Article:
The newly appointed general manager of the Four Seasons Hotel Bahrain Bay speaks to Hotel News about how Bahrain Bay is the best kept secret in the Middle East.
Richard Raab believes that Bahrain Bay is the next big thing in the Middle East. The general manager of the Four Seasons Hotel Bahrain Bay might say that anyway – but it’s clear from speaking to Raab that it’s something he passionately believes.
The Norwegian hotelier took over the 273-room property at the start of January and he hasn’t looked back since.
“We are off to a good start for the year, the first quarter is behind us, we have a good amount of business on the shelf for the next quarter – the very first six months of the year will be able to meet our budget,” he says.
“We are going into the third year of the hotel being in operation, it opened two years ago, we are very much at the maturity stage, the growing stage, we are still developing and we are expecting to see growth year over year.”
Raab believes the key to success is in the smaller details having immediately overseen a renovation of the lounge that is designed to create a livelier atmosphere for guests.
“We are doing little things – we have changed our lounge a bit to increase the permission for smoking,” he says.
“We are having more entertainment to make it a livelier experience and the bar is getting its own following now whereas before it was just a bar you go into to have dinner.”
He believes that big things are around the corner for the region and that Four Seasons Hotel Bahrain Bay is perfectly positioned to capitalise on these.
“We have some very positive things happening in the second and third quarters of the year,” he says.
“We have the new Avenues Mall, which is opening up right in front of the hotel, and which we are hoping will add to the Bahrain Bay area. We want to attract even more guests.”
Bahrain Bay is constantly evolving and expanding, says Raab, with new players continually coming into the market. There could be a temptation, he says, for each property to put the shutters up, so to speak, and look after their own interests first but, as far as Raab is concerned, that is just not the Bahrain Bay way.
“We want to expand the pie rather than just steal the pie from each other,” he says, making it clear that the property is in such a position of strength that it doesn’t need to isolate itself from the rest of the market in Bahrain Bay.
“I think the Four Seasons Hotel Bahrain Bay is positioned as one of the top hotels in the GCC as it is an iconic building with world class interiors providing a world class service that is second to none, and we are extremely proud to have the hotel in our portfolio.”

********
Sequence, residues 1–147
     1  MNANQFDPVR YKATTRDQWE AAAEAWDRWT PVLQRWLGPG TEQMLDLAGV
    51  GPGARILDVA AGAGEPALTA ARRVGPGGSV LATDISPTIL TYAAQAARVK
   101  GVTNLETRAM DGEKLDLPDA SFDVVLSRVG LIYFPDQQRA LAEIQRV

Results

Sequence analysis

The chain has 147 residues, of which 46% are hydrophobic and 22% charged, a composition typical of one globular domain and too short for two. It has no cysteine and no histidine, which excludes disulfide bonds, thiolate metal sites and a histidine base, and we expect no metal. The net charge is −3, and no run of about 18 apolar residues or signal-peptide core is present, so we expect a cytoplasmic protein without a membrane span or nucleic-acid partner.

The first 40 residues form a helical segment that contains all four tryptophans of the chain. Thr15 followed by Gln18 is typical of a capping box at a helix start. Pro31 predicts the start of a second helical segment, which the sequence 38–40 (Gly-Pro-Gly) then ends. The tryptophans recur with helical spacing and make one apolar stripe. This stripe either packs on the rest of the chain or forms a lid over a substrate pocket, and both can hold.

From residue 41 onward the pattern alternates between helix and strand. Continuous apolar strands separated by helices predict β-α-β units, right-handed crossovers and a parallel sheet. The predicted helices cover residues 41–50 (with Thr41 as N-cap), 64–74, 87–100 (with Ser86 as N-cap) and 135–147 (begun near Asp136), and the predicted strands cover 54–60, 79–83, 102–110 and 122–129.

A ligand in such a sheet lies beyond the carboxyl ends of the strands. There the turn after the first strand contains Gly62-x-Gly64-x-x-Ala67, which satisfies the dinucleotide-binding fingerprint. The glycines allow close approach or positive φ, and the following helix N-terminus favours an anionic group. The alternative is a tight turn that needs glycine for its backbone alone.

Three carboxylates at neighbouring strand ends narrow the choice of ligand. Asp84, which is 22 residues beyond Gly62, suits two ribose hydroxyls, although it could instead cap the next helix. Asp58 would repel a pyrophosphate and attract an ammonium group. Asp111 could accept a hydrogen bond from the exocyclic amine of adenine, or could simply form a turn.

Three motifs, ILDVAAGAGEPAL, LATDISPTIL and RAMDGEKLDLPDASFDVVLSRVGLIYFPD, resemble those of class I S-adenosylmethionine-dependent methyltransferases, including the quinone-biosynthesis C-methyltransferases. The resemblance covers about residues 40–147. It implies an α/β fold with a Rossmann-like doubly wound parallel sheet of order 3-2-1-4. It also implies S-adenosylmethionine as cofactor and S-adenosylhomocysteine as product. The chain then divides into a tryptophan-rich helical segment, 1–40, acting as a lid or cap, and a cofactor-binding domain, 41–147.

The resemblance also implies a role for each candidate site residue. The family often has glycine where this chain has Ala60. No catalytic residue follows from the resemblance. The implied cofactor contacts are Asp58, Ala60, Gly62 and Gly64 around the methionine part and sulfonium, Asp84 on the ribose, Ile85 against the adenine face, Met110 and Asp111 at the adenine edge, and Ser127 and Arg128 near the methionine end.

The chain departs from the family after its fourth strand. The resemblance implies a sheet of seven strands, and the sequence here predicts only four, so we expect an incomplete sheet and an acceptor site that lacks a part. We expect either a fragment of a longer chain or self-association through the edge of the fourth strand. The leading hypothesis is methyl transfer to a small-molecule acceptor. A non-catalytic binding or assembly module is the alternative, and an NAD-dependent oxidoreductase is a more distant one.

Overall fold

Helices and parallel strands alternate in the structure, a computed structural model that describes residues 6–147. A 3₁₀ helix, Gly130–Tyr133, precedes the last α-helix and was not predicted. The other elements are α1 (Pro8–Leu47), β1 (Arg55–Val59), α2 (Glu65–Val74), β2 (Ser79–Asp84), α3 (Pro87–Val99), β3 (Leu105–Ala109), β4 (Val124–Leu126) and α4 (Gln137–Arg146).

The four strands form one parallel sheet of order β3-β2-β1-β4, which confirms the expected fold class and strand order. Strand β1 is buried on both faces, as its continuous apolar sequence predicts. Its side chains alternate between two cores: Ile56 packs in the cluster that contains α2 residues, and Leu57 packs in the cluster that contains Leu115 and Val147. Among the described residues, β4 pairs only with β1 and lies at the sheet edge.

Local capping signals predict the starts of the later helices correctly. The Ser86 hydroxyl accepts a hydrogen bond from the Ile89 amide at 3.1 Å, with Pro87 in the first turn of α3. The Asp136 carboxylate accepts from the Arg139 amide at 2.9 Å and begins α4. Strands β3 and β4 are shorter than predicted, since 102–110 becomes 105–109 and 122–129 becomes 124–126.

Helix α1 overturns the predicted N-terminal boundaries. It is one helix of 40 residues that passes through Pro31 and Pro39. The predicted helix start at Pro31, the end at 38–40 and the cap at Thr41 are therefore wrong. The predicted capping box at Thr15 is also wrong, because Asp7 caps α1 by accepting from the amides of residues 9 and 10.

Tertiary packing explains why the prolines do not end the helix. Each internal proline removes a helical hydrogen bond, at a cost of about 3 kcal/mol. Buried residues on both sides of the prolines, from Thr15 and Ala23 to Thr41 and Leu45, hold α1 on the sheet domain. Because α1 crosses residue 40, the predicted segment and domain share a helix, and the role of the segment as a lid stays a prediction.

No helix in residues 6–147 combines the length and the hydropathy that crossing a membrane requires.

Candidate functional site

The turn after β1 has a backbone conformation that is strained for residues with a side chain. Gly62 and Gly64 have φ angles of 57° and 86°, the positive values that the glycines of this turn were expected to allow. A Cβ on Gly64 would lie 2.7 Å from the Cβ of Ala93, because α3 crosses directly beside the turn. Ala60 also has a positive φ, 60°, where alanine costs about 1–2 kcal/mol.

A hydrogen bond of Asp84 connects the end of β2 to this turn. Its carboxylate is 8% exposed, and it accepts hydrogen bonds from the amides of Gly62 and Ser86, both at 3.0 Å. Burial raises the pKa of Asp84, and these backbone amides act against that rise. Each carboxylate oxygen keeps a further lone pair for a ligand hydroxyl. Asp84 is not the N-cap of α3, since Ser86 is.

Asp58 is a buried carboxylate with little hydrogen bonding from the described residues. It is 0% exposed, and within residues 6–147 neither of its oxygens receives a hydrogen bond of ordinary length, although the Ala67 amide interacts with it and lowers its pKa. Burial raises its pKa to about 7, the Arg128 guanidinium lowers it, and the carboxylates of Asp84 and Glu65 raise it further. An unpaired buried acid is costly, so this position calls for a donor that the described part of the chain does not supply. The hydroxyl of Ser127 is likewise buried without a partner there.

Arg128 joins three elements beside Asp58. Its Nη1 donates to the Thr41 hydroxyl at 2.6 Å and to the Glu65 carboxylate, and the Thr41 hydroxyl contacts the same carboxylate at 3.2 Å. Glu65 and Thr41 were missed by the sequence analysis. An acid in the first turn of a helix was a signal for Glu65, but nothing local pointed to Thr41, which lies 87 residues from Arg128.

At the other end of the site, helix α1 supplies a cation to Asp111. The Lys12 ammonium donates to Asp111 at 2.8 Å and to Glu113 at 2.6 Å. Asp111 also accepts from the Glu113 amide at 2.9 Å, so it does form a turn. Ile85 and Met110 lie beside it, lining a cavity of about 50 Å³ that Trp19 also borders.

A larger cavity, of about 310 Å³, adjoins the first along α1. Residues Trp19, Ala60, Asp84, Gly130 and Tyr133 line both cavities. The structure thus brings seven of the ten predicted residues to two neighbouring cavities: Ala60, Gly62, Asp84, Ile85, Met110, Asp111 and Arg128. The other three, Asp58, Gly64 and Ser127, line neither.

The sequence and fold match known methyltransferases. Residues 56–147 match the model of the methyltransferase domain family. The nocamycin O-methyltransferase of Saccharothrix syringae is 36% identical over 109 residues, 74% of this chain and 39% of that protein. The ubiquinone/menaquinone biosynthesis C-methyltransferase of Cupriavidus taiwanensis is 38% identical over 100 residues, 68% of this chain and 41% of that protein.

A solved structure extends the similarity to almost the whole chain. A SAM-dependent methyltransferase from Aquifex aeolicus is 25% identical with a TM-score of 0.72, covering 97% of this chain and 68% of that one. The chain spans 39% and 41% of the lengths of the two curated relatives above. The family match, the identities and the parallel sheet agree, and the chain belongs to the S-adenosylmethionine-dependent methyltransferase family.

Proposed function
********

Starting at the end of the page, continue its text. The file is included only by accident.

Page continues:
It comes as little surprise to find that Raab is enamoured with the design of the building he presides over.
“The hotel is almost two years old. The architect firm, Skidmore, Owings & Merrill, designed some of the world’s most iconic buildings and hotels,” he says, pointing out that the hotel has interiors inspired by sea voyages.
If anyone should know about Four Seasons it’s Raab, having been with the company for 18 years across different continents in destinations as diverse as London, Cairo, St Petersburg, the Caribbean and Hawaii, not to mention a stint in the US that took in Beverly Hills.
“It has very much been an international experience with the company and I worked for some of our greatest hoteliers within our company and learned from them,” he says.
“With the international experience it gives you a very global perspective. It means you have global markets and global guests. I think our guests do travel all over the world at the moment and having worked and lived in different places around the world helps you accommodate and understand the needs of the guests that are travelling.”
So what has Raab learned in his 18 years with Four Seasons Hotels and Resorts?
“I think you need a lot of emotional intelligence because it is a people business, our guests are people and our staff are people and you need to understand them on an individual basis in order to get it right. You have to get the staff right and motivate them, teach them and grow them to do very well for you,” he says.
“For guests it is all about personalisation and you have to provide exactly what the guest needs at different times.”
As important as having the personal touch is, Raab is under no illusions about the primary objectives of the role.
“You need to be business savvy. It is a business as well and you need to keep yourself up to date and abreast of new trends, be it in IT or even in HR and marketing. Things change constantly, it is a 24/7 business,” he says.
“You need vision, you need to be able to look at things with a broad vision and see opportunities for the future and take action to make sure your ship is heading in the right direction based on the vision and the future that you see.”